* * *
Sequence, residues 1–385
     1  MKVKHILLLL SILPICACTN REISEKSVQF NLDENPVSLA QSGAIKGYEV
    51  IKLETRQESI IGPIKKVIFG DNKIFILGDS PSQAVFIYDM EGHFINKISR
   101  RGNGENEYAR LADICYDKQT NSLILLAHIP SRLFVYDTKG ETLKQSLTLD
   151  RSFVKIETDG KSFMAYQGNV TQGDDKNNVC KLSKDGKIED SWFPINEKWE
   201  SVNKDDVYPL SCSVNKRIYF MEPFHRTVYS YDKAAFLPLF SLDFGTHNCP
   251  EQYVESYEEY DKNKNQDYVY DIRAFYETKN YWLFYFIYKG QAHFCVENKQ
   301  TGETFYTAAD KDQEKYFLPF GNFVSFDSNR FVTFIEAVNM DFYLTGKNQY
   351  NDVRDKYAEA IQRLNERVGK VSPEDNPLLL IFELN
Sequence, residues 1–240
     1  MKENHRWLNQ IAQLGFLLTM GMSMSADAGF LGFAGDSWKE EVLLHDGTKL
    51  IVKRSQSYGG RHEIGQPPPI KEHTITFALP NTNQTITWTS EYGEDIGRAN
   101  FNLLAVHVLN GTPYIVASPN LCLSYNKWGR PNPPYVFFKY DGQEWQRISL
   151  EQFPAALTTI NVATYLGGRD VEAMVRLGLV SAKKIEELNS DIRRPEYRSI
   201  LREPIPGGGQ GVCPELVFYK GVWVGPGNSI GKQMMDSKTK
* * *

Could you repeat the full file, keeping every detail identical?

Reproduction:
Sequence, residues 1–385
     1  MKVKHILLLL SILPICACTN REISEKSVQF NLDENPVSLA QSGAIKGYEV
    51  IKLETRQESI IGPIKKVIFG DNKIFILGDS PSQAVFIYDM EGHFINKISR
   101  RGNGENEYAR LADICYDKQT NSLILLAHIP SRLFVYDTKG ETLKQSLTLD
   151  RSFVKIETDG KSFMAYQGNV TQGDDKNNVC KLSKDGKIED SWFPINEKWE
   201  SVNKDDVYPL SCSVNKRIYF MEPFHRTVYS YDKAAFLPLF SLDFGTHNCP
   251  EQYVESYEEY DKNKNQDYVY DIRAFYETKN YWLFYFIYKG QAHFCVENKQ
   301  TGETFYTAAD KDQEKYFLPF GNFVSFDSNR FVTFIEAVNM DFYLTGKNQY
   351  NDVRDKYAEA IQRLNERVGK VSPEDNPLLL IFELN
Sequence, residues 1–240
     1  MKENHRWLNQ IAQLGFLLTM GMSMSADAGF LGFAGDSWKE EVLLHDGTKL
    51  IVKRSQSYGG RHEIGQPPPI KEHTITFALP NTNQTITWTS EYGEDIGRAN
   101  FNLLAVHVLN GTPYIVASPN LCLSYNKWGR PNPPYVFFKY DGQEWQRISL
   151  EQFPAALTTI NVATYLGGRD VEAMVRLGLV SAKKIEELNS DIRRPEYRSI
   201  LREPIPGGGQ GVCPELVFYK GVWVGPGNSI GKQMMDSKTK